News, Information & Workflows from Users & the Adobe Ae Team

Render Engines and Joy of legal obligations

First – I am definitely not trying to pass the buck here.  This decision rests purely with us, and I want to make it clear as to why.

If you are unknown to the problem, AE CS 5.5 introduced the requirement for adding your serial number if you wish to use the AE render engine that is included with every install of After Effects.  With previous versions, you could install that render engine on as many workstations as you wish, just as long as you had purchased 1 copy of the full version of AE.

Here’s the rub. As of CS 5.5, we are now required to pay a royalty on every install of After Effects – ANY version (that is not a trial) that can render out any of these licensed formats.  Now you can see the dilemma.

As an aside – this is why most other tools must charge for their accompanying render engine.

Therefore, a legal obligation is just that – an obligation.  To correct this, we must restrict the render engine to the license agreement of full AE. This means you can install a single license on 2 workstations – render engine OR full. I know this is not necessarily what you want to hear, yet we will commit to investigating alternative solutions for a future release.


[ Update: Instead of responding to all your comments individually – please check out part 2 of this blog post. -S ]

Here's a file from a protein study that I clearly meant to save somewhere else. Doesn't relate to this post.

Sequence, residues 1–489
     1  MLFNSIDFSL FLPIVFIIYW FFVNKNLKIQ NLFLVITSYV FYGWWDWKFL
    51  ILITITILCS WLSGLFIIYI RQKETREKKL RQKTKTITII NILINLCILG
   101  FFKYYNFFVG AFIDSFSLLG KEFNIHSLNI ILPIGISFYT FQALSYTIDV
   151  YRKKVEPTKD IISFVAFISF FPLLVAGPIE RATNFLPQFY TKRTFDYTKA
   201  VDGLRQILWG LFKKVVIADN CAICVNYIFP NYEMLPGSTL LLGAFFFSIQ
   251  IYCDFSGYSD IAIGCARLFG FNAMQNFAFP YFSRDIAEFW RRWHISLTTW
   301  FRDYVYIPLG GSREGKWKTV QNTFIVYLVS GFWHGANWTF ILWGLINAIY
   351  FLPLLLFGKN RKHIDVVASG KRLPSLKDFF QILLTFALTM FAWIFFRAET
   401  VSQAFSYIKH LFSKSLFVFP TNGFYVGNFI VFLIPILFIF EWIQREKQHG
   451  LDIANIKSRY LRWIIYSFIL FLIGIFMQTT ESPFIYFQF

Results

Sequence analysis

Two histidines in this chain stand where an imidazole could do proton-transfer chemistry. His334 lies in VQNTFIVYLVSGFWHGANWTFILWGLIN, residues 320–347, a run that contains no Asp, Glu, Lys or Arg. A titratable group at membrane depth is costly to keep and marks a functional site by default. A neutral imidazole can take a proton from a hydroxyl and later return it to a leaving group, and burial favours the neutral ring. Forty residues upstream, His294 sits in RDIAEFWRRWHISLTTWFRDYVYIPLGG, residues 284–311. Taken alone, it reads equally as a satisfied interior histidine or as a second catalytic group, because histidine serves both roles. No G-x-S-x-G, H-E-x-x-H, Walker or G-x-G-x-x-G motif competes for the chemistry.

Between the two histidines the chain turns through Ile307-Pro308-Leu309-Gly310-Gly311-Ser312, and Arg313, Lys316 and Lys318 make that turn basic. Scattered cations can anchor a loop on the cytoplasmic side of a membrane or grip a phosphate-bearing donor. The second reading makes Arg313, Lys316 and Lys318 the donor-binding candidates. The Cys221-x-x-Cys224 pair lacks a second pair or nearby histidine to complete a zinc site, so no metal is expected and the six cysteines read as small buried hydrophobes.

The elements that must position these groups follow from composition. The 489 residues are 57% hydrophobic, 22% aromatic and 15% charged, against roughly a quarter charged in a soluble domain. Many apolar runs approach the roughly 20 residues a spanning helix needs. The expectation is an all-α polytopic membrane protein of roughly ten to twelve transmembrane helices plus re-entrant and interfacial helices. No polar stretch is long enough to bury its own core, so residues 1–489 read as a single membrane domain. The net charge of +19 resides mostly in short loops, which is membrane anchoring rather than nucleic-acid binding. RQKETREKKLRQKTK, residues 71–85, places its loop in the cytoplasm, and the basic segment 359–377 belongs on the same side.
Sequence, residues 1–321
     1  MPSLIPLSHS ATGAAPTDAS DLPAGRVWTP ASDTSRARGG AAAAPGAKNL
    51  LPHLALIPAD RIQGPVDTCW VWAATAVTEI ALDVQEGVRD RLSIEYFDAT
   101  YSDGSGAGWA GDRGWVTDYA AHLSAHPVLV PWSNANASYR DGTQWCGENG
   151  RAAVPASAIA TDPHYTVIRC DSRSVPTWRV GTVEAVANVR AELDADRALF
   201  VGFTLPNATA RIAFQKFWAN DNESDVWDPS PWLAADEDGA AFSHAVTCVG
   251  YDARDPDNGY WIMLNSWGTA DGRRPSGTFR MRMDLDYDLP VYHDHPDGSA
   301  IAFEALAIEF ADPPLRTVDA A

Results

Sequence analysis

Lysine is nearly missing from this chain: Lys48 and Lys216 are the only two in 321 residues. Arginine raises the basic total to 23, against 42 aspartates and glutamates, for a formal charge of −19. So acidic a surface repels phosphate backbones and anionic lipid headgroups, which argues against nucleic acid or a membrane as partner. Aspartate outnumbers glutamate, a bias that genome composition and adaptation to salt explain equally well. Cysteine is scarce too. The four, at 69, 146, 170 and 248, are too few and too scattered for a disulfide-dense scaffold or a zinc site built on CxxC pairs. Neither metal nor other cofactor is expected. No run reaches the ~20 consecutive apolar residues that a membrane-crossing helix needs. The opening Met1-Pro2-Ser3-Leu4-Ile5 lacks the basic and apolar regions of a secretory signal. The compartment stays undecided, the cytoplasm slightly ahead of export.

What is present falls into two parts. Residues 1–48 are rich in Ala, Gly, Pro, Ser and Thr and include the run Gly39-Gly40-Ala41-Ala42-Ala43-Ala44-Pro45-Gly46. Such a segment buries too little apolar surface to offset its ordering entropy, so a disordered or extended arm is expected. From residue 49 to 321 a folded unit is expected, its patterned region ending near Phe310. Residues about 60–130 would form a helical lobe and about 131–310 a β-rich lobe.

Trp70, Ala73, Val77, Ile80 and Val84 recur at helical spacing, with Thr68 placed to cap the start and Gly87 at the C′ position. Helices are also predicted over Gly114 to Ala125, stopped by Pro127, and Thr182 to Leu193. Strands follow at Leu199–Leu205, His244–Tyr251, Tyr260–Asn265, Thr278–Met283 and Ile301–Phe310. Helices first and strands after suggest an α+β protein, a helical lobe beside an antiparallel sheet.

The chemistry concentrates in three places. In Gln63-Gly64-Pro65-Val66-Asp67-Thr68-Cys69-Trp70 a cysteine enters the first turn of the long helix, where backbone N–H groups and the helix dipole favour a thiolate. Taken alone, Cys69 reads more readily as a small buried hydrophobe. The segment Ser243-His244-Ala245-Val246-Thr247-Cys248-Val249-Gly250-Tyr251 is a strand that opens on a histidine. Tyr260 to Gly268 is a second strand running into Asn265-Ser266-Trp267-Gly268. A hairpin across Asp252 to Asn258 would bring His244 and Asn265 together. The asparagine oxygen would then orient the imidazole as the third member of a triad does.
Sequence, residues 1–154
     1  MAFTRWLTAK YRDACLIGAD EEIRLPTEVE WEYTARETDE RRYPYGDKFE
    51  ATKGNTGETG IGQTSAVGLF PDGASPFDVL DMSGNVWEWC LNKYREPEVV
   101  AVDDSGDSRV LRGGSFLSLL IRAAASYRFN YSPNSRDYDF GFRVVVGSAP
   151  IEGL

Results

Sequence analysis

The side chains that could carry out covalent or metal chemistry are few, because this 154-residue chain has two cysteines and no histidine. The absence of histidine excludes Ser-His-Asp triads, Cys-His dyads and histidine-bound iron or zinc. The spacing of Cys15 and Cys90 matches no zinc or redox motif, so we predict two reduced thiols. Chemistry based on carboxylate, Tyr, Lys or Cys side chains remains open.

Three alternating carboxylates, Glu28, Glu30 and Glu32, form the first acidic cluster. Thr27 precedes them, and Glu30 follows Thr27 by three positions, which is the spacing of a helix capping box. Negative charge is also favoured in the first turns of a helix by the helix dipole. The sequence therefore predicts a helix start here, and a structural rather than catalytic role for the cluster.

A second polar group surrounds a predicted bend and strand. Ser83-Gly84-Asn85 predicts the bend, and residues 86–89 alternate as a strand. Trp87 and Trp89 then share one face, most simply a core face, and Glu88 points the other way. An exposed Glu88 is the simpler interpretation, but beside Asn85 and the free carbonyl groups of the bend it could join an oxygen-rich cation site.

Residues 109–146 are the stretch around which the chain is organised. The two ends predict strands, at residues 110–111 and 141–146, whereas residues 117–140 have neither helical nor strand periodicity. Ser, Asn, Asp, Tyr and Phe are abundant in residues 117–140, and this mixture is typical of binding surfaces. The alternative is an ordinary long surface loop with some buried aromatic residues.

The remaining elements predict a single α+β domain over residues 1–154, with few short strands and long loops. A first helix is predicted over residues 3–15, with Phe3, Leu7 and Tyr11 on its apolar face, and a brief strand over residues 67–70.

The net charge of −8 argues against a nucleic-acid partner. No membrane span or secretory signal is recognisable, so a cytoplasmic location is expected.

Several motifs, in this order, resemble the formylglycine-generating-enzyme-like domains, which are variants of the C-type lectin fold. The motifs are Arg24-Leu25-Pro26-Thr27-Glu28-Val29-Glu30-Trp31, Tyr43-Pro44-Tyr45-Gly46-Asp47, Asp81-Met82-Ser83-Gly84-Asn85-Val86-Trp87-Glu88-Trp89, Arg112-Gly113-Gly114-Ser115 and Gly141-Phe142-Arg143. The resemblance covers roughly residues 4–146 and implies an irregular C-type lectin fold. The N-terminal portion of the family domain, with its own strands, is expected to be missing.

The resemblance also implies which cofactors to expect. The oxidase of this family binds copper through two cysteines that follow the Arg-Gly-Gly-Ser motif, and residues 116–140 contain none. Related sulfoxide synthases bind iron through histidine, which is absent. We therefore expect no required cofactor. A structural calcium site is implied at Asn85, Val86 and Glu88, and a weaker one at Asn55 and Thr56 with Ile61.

TAGGED AS: , , ,

I’m not a user of After Effects (I’m a web developer) but I saw this blog posting and was curious. To whom does Adobe pay a royalty for AE?

[ Almost all products that are sold which can produce say an MPEG must pay royalty to different consortiums and companies who are the ‘owners’ of the format / codec. -S ]

Most other 3D applications charge a fraction of the cost of the full version for rendering
Why can’t adobe license after effects in render mode to cover the cost of the royalty?
This is only going to increase they level of piracy for your apllication.

Also why can’t Adobe in this day and age give customer the flexability of network licensing?
This would give Adobe customers the option to add rendering licenses easily.

[ We are definitely looking into options based on feedback for down the road. Stay tuned. -S. ]

Adobe, you should take another look at these other applications that have distributed network rendering. Let’s start with the major apps for CG, 3DSMAX is unlimited, Nuke is unlimited, Maya offers 5 Mental Ray Batch for each network license purchased, Lightwave is unlimited, Softimage is unlimited. Adobe…requires a license each and every node.

Adobe is looking at one thing on this move, and that’s money. The bad thing is if you have 10 nodes on a renderfarm that are used for AE, you are now required to purchase 10 copies of AE. Why would a studio do that when they can just switch to Nuke and only purchase one copy of that plus receive faster rendering? With a good queue manager such as Qube! you can now take advantage of Dynamica Allocation which is a BIG

Adobe…you’re about to lose some customers on this. This makes Adobe one of the most expensive applications to run on a renderfarm out there…this was absolutely a stupid move.

[ I agree that it is definitely not an ideal situation. That being said, we unfortunately had to make a tough decision for CS 5.5 due to licensing – hence the blog post.

Also For your example render farm – you would in fact only need 5 licenses (as AE can be installed on 2 workstations per license). In that case as well – I would recommend you contact us to help source the best possible options.

BTW – I completely disagree about the money statement (see above). I also think your math on ‘unlimited’ for other tools is false. Are you implying that unlimited is the same as ‘simultaneous’ (as in render farm)? Just saying. -S ]